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HKScan’s €80m plant ceremony diverts attention from profit gloom

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Oscar Rousseau

By Oscar Rousseau+

Last updated on 23-Jan-2017 at 13:01 GMT2017-01-23T13:01:58Z

HKScan's Rauma poultry plant will save regional jobs in Finland
HKScan's Rauma poultry plant will save regional jobs in Finland

Meat processor HKScan has celebrated the topping-out ceremony of its “ambitious” €80m poultry plant days after issuing a second gloomy profit warning.

HKScan has celebrated the topping-out ceremony at its state-of-the-art poultry plant in Rauma, Finland.

A topping-out ceremony is a construction rite held when the last piece of supporting structure has been fitted to a building. Nowadays, companies often use it as a PR device – and HKScan’s announcement comes a week after it warned shareholders to expect a big fall in profits.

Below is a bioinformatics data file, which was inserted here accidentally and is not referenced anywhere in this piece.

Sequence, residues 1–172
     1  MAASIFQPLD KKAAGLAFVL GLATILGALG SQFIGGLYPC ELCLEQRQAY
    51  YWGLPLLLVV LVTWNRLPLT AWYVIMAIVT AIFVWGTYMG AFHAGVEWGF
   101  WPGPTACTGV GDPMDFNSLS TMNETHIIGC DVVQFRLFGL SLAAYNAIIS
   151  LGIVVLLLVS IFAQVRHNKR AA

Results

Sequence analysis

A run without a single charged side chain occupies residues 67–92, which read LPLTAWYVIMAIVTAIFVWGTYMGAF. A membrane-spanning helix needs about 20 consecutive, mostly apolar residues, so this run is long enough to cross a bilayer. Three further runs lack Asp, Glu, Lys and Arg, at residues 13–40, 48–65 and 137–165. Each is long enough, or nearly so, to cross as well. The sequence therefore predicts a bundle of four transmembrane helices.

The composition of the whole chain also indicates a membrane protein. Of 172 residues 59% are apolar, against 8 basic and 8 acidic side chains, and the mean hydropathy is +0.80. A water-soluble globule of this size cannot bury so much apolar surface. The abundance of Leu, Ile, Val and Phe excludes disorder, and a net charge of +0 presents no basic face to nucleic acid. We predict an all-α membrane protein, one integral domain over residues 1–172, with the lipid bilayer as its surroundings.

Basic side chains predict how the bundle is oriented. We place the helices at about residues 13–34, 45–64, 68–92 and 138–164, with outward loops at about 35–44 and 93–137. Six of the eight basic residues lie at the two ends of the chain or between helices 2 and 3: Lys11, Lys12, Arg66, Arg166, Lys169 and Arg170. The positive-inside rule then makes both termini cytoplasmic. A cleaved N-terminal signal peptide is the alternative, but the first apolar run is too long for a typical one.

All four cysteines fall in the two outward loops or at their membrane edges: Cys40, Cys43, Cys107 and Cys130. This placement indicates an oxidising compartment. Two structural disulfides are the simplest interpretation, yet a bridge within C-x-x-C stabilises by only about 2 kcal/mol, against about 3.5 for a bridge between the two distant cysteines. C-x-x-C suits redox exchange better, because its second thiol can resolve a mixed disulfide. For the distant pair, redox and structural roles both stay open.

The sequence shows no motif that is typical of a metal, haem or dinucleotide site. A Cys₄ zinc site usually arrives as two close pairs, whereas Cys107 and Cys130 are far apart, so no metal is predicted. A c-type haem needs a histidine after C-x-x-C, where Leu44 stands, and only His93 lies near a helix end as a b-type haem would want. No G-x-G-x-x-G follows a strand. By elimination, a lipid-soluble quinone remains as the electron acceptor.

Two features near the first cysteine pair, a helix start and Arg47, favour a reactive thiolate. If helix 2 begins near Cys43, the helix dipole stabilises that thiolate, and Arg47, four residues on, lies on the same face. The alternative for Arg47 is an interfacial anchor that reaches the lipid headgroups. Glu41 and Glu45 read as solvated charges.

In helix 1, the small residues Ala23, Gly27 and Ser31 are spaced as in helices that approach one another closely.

It is among the most ambitious production investments ever made by HKScan.

Through an €80m investment, the business claims the new plant will sustain local jobs. And the note about jobs is interesting as it follows HKScan’s confirmation this week that it plans to cut at least 35 jobs from its meat plants in Forssa and Outokumpu.


This comes as the business said it was expecting comparable operating profit to fall from €21.5m in 2015, to between €12-14m for 2016.

Aside from the gloomy financial forecast, news that the state-of-the-art poultry factory is moving ahead has pleased HKScan’s top brass at a time when positive news seems hard to come by.

I am delighted the project is proceeding on schedule and that we have been able to begin equipment installation as planned,” said HKScan’s chief operating officer Aki Laiho.

Making the plant as environmentally friendly as possible has been a big priority for HKScan since construction began last year. Heating systems for the factory will be energised using power with 90% derived from renewable biofuels.

We plan to increase our energy efficiency by installing more effective systems for heat recovery from flue gases and wastewater treatment systems and by increasing our level of energy self-sufficiency,” added Laiho.

The Rauma plant is expected to be complete in the spring of 2017.

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